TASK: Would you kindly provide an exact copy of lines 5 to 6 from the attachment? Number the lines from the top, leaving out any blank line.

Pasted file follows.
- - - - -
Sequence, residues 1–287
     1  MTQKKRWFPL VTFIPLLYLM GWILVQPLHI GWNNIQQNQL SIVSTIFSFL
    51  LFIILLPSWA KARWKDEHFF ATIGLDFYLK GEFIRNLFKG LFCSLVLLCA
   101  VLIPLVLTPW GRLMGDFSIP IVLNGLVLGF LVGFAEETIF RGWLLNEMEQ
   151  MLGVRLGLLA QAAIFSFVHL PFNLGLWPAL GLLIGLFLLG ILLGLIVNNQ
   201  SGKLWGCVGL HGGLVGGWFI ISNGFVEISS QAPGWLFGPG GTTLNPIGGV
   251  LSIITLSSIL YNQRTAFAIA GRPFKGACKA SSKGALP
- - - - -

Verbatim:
   151  MLGVRLGLLA QAAIFSFVHL PFNLGLWPAL GLLIGLFLLG ILLGLIVNNQ
   201  SGKLWGCVGL HGGLVGGWFI ISNGFVEISS QAPGWLFGPG GTTLNPIGGV